Alex Jones promotes toothpaste he claims ‘kills’ coronavirus; FDA warns it’s fraudulent

InfoWars founder Alex Jones promoted a toothpaste he claims federal officials have said can kill coronavirus, which has infected and killed thousands worldwide, despite recent warnings issued by government agencies debunking that claim.

According to HuffPost, the conspiracy theorist — who was arrested near Austin on Tuesday morning and charged with driving while intoxicated — made the claim about the toothpaste, which is being advertised as “nano-silver infused” on his website, during his show earlier this week.

“The patented nanosilver we have, the Pentagon has come out and documented and Homeland Security has said this stuff kills the whole SARS-corona family at point-blank range,” he reportedly said on the show. 

“They’re still discounted despite all the hell breaking loose,” he continued.

The claim comes about a week after the Food and Drug Administration (FDA) and the Federal Trade Commission (FTC) warned The Jim Bakker Show and other companies for selling “fraudulent COVID-19 products” claiming to cure or prevent the virus.

Those items included teas, essential oils, tinctures and colloidal silver, which is also reportedly known as nanosilver.

A journal published by the U.S. National Library of Medicine National Institutes of Health in July 2013 said nanosilver has “been used for different reasons in consumer and commercial products over the past century, although ‘nano’ terminology does not always appear in the patent or scientific literature.”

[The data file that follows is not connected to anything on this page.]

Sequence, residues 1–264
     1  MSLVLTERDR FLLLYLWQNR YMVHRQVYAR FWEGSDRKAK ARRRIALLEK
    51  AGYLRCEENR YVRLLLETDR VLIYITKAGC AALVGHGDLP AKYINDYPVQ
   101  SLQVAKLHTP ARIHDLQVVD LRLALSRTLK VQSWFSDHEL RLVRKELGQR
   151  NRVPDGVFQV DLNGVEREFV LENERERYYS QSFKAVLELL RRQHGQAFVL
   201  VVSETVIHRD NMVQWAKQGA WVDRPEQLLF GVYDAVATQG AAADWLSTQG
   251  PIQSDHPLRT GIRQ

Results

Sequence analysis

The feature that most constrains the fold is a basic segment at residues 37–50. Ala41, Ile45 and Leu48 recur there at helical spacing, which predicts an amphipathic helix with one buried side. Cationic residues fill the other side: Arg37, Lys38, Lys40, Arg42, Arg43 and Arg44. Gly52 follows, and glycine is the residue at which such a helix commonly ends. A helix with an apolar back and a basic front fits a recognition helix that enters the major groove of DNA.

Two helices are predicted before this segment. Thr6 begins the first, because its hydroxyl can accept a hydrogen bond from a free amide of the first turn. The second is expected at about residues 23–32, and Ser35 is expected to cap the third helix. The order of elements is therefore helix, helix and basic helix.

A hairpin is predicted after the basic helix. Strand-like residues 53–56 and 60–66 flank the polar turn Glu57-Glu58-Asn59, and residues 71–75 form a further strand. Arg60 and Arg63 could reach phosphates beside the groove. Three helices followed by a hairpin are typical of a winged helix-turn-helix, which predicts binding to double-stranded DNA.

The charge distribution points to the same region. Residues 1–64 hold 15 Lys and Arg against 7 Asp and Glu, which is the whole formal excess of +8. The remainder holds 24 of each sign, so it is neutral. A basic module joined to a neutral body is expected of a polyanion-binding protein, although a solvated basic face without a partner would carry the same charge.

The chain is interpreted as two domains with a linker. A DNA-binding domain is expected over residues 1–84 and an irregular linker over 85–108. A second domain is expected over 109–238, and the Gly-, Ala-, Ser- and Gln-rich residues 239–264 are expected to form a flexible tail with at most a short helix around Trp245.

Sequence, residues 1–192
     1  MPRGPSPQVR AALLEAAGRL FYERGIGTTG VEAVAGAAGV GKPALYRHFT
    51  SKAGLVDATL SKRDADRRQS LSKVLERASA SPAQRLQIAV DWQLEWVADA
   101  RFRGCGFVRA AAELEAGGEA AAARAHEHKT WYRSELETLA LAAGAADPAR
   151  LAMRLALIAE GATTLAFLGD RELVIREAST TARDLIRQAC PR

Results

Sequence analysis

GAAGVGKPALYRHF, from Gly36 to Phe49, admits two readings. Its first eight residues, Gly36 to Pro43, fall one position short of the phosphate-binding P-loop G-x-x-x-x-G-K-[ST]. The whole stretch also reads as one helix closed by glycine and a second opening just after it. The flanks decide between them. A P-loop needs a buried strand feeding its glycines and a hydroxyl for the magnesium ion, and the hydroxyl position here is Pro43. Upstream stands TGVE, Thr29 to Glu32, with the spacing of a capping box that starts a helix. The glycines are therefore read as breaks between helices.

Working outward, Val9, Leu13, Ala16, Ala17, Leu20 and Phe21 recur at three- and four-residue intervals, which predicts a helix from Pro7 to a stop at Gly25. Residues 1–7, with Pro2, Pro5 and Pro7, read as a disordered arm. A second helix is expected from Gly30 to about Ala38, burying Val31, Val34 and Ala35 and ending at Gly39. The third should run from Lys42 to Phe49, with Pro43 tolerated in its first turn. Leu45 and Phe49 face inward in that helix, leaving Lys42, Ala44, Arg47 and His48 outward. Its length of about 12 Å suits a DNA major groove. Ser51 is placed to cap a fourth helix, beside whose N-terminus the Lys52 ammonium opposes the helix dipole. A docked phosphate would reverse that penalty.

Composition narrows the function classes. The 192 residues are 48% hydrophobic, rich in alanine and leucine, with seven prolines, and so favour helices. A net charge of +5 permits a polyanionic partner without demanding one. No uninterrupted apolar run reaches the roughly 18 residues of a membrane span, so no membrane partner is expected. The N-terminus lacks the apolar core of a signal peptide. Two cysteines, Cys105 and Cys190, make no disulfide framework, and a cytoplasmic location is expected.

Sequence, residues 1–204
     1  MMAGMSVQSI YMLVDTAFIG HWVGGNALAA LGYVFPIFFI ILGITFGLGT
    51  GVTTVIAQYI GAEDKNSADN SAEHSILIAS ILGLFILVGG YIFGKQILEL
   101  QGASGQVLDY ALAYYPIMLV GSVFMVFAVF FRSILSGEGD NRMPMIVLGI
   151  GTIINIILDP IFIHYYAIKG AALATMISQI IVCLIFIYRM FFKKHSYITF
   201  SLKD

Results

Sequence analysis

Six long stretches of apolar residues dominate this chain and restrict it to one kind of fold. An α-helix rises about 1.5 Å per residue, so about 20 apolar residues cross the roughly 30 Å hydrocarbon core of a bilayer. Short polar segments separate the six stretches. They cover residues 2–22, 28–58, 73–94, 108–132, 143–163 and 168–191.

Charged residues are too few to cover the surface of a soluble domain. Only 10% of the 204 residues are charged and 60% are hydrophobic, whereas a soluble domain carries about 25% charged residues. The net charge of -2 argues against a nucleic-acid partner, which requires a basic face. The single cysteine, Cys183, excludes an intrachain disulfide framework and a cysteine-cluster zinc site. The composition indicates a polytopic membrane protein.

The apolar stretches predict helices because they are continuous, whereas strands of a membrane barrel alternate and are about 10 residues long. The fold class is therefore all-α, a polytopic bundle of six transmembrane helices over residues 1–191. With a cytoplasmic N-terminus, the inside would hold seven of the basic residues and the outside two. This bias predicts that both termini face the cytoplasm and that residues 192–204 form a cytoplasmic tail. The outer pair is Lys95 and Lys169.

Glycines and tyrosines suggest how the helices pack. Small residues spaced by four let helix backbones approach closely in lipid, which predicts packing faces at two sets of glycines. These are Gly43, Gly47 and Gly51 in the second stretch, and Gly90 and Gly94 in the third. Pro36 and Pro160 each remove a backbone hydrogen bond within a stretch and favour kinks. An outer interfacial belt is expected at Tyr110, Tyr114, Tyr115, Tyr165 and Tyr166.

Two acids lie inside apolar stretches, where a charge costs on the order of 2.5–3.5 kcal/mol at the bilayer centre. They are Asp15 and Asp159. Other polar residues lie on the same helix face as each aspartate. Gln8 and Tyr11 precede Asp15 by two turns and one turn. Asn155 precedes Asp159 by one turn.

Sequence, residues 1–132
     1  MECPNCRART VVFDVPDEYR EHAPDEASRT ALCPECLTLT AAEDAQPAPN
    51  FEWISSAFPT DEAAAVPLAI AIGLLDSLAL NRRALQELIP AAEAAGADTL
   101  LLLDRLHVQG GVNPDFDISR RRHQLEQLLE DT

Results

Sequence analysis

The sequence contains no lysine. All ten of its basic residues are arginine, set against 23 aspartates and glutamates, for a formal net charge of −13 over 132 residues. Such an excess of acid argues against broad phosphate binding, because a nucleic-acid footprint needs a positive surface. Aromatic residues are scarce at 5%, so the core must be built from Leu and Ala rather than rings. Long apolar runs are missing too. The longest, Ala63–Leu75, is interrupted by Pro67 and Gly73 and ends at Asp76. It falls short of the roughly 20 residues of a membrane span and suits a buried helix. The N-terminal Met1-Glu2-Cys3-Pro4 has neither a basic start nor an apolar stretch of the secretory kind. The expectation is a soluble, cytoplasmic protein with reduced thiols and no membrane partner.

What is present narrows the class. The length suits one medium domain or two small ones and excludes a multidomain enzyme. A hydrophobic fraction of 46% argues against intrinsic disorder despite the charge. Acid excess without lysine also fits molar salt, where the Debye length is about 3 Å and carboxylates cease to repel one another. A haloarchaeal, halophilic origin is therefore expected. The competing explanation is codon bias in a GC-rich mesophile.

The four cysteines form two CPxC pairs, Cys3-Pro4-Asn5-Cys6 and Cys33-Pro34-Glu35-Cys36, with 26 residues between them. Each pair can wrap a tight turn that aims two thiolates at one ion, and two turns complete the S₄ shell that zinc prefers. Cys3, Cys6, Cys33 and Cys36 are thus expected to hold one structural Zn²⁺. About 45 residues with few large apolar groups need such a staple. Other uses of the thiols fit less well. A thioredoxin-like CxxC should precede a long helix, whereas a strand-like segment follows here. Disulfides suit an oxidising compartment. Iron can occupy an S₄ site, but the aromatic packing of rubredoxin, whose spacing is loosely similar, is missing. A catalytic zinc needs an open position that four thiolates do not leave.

“Colloidal silver, in which silver particles down to the nanoscale are suspended in liquid, has been used for health and medical reasons since the early twentieth century and is now marketed as a dietary supplement and alternative medicine cure-all,” it went on to state. 

The FDA has warned about colloidal silver and its ineffectiveness in treating illnesses in the past. In 1999, the agency warned that many over-the-counter (OTC) drug products containing the material were “being marketed for numerous serious disease conditions.” At the time, the agency also said that it was not “aware of any substantial scientific evidence that supports the use of OTC colloidal silver ingredients” for those conditions. 

In a news release on Monday detailing the warning letters it issued to companies that were selling products that claim to treat COVID-19, the agency reminded consumers “to be cautious of websites and stores selling products that claim to prevent, mitigate, treat, diagnose or cure COVID-19.”

It also reiterated in its notice that, as of now, there are no vaccines or drugs approved to treat the virus.

“Although there are investigational COVID-19 vaccines and treatments under development, these investigational products are in the early stages of product development and have not yet been fully tested for safety or effectiveness,” it added.

An FDA spokesperson told The Hill on Thursday that the agency is “aware of claims made by Alex Jones regarding supplements claiming to cure COVID-19.”

The spokesman said that it “does not discuss compliance or enforcement matters, except with the party involved.”

To date, the FDA “has issued warning letters to seven companies for selling fraudulent COVID-19 products and the agency intend to take further action — including but not limited to WLs — as appropriate,” they also said.

“The FDA and FTC will continue to monitor social media, online marketplaces and incoming complaints to help ensure that the companies do not continue to sell fraudulent products that claim to prevent, treat, mitigate, diagnose or cure coronavirus disease 2019 (COVID-19),” they added.

The Hill has also reached out to the Department for Homeland Security for comment regarding Jones’s claims.

Updated on March 12 at 11:24 a.m.

Tags Alex Jones Alex Jones Conspiracy theories Coronavirus Food and Drug Administration United States Public Health Service

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